SOS - Secrets of Opening Surprises - June 2012

  • IM IM_JeroenBosch
  • | Jun 4, 2012

No time to study opening theory? Shock your opponent with an SOS! 
With an SOS you deviate early (usually before move 6!) from regular lines in mainstream openings. So you will reach positions you have actually studied without having memorized tons of stuffy theory, while gaining time on the clock! And you will have fun watching the horror on your opponent's face... 

Every month, the editor of the SOS Secrets of Opening Surprises book series, IM Jeroen Bosch, annotates a game which was recently played with an SOS-variation.

SOS Game of the Month: June 2012
(See also SOS-8, Chapter 15, p.117). 
Hikaru Nakamura became the convincing 2012 US Champion. In the penultimate round he defeated his main rival Gata Kamsky, going on to score a devastating win against Yasser Seirawan in the final round, for an impressive 8½ out of 11, a full point ahead of Kamsky.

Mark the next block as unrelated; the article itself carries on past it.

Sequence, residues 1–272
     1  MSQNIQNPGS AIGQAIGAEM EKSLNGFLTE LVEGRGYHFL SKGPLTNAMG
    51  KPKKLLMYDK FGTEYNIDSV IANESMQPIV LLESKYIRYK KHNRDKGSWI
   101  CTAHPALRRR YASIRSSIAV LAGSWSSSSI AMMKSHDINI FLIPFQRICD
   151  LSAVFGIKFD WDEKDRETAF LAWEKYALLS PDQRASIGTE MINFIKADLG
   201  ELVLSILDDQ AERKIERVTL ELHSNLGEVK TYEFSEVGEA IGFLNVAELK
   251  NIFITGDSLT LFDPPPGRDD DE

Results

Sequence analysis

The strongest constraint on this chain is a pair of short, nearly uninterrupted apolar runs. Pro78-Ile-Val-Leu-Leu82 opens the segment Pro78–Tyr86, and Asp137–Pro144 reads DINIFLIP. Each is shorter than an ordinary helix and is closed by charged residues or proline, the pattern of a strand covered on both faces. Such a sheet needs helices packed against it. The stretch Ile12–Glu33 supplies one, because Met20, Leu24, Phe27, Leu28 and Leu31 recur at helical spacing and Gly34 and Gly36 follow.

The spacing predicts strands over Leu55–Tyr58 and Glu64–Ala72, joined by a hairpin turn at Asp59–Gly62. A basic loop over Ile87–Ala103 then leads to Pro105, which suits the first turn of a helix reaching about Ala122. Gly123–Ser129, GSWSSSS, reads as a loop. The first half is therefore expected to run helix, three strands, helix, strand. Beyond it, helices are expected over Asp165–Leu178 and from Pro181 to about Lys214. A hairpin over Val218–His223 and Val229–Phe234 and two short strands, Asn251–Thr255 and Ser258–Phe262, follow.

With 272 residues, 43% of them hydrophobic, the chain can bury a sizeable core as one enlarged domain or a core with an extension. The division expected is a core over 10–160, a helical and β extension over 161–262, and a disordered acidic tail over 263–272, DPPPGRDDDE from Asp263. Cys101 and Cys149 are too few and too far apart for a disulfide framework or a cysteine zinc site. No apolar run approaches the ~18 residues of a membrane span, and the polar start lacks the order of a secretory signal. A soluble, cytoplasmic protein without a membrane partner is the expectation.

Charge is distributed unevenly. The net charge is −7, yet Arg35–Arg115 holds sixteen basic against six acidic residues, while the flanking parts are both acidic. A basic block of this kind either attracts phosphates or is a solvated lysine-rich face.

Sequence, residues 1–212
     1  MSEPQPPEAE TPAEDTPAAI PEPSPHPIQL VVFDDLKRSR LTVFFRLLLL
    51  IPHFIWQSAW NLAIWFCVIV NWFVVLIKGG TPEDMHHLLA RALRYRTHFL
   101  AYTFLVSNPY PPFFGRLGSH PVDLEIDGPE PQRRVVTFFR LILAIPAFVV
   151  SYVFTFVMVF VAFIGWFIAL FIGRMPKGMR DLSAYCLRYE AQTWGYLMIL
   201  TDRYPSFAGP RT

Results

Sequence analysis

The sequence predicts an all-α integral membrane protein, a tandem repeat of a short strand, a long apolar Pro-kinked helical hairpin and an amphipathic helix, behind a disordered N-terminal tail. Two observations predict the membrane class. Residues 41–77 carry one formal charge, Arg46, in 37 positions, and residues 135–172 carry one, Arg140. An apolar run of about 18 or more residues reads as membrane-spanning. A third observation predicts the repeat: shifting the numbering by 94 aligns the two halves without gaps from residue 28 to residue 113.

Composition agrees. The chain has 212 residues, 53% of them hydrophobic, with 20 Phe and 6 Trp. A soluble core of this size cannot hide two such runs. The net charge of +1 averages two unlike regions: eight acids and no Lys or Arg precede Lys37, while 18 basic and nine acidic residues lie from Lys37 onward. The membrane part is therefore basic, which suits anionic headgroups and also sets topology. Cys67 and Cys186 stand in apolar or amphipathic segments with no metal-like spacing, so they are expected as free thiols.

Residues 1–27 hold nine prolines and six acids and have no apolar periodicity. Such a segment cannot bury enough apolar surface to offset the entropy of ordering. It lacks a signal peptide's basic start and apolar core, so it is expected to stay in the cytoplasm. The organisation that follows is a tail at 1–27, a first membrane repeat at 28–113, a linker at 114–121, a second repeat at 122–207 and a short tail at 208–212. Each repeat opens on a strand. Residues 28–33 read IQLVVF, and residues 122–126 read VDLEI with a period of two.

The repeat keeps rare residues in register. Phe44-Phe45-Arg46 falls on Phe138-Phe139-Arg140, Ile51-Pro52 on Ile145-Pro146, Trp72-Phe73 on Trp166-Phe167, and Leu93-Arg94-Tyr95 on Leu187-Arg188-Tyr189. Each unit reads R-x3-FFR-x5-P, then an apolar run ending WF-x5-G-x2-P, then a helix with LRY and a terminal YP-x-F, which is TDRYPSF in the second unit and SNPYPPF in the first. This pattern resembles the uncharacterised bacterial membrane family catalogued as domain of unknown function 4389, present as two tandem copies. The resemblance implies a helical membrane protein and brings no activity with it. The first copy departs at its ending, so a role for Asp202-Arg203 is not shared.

In that final round Nakamura employed an SOS idea against the French. Igor Glek wrote on it in SOS-8 in an article entitled 'A 19th Century Weapon versus the French'. Glek confesses that he started playing 2.f4 after the game Zviagintsev-Zhang Pengxiang, 2006, which had made a strong impression on him. Glek then goes on to describe the general plan (e5, Nf3, Nb1–a3-c2, and Bf1–d3 before d4 is played), adding that this set-up is already found in the games of McDonnell and De La Bourdonnais!
We will see, that Nakamura too, is a great connoisseur of the rich history of chess...

Here is the complete text of this analysis:

Hikaru Nakamura
Yasser Seirawan
St Louis ch-USA 2012

1.e4 e6 2.f4 d5 3.e5 c5 4.Nf3 Nc6 5.c3


As Glek explains: White is playing an Advance Variation with f4 added, and without allowing Black any counterplay against d4.

5...Nge7 6.Na3 Nf5 7.Nc2